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My View                                           Page 15

 

Walking in Others' Shoes

BY WILLIAM A. CLARK

As part of the transition process into a new superintendent position, I planned to complete an entry plan, which encompassed activities that would help me understand the people, programs and priorities of the Warren County School District in northwestern Pennsylvania. With 12 schools and 650 staff members, I wanted to use my entry as the new superintendent to ensure everyone employed in the school district had an opportunity to be heard.

In my two previous superintendencies, a recurrent concern was that of low staff morale. The reasons I heard varied, but in each district the employees felt unappreciated. When I asked for examples, they ranged from pay freezes among teachers during a fiscal crisis to a lack of visibility of the central administration.

As the new superintendent in Warren County, I considered setting up a process that I would call “Walking in Your Shoes.” The idea came from a network TV show called “Undercover Boss,” during which the leader of a major company would leave behind the corner office to work shoulder to shoulder with employees without them recognizing his or her true identity. Over time, the boss would fill various positions within the company to gain a broader perspective of employees’ roles and concerns.

The boss on the TV series would learn professionally and personally about the employee being shadowed. At show’s end, the boss would call each employee individually into the chief executive’s office, reveal his or her true identity, thank the employee for working hard, and usually offer a reward for outstanding performance. The reward might be a pay raise or financial assistance to pay for classes needed by the employee to move ahead in management.

Transparent Selections

I did wonder whether a Walking in Your Shoes program might be a silly idea with little likely impact on the school system. But when I mentioned the idea to teachers and aides in the auditorium at the professional learning day at the start of the school year, they responded with boisterous applause, which assured me this was a step in the right direction.

The logistics of employee selection needed to be transparent and fair. To randomly select school district employees, a random number generator app was downloaded, with each employee assigned a number. The selection of the first employee took place at that opening professional development day.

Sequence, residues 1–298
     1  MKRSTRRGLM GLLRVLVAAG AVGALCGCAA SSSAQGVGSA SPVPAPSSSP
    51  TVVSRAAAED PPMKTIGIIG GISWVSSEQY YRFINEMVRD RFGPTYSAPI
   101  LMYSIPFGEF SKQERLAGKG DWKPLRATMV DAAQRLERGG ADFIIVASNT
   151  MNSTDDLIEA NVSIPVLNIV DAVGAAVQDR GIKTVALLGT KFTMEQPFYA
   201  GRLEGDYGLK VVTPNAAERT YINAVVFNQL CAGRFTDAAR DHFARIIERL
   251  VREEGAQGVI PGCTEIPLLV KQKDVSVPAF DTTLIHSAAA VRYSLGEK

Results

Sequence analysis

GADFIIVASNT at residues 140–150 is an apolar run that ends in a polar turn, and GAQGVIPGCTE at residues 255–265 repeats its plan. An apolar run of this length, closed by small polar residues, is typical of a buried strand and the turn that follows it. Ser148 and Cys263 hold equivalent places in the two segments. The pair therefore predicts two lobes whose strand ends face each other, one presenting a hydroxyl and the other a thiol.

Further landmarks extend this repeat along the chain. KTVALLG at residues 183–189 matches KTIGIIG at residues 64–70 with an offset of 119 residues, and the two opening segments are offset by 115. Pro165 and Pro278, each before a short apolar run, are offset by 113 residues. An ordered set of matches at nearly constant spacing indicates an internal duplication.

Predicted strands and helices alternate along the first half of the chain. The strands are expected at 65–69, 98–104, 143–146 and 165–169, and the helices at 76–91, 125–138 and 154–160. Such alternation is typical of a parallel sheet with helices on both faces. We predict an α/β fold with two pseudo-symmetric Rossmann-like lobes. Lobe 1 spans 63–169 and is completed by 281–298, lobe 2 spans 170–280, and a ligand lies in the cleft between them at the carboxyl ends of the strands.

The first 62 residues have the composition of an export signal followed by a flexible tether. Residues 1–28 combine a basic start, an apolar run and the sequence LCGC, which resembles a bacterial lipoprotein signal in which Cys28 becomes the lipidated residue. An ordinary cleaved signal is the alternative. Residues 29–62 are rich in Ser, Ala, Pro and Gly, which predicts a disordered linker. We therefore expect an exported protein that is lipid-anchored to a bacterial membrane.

The first staff member selected was a cafeteria worker, Rose, at Youngsville High School. When I arrived on the designated day, Rose had an apron for me. She provided a quick orientation as we moved from station to station during the lunch period. With Rose’s help, I gained a renewed appreciation for cafeteria workers and the skilled duties they perform to serve the students a quality meal.

On another occasion, I covered for a physical education teacher, who had used an outside grant to purchase compound bows for archery instruction, a new activity. The students were taught the proper shooting techniques. During my time in the classroom, I not only learned a new hunting skill but also discovered how physical education instruction benefited students. I watched as students who had never handled a bow gained confidence in their abilities in ways that probably never would have happened without this class.

Renewed Appreciation

Later in the school year, I walked in the shoes of an administrative intern, a middle school social studies teacher, a nurse assistant and a building aide.

I thought the entry plan I devised would be seen as a new opportunity for staff members to talk to the district’s new superintendent, but the Walking in Your Shoes program became more than the entry plan. It provided me a renewed appreciation of the critical role played by individuals in various aspects that make school operations a success.

William Clark is superintendent of the Warren County School District in Warren, Pa. E-mail: clarkw@wcsdpa.org


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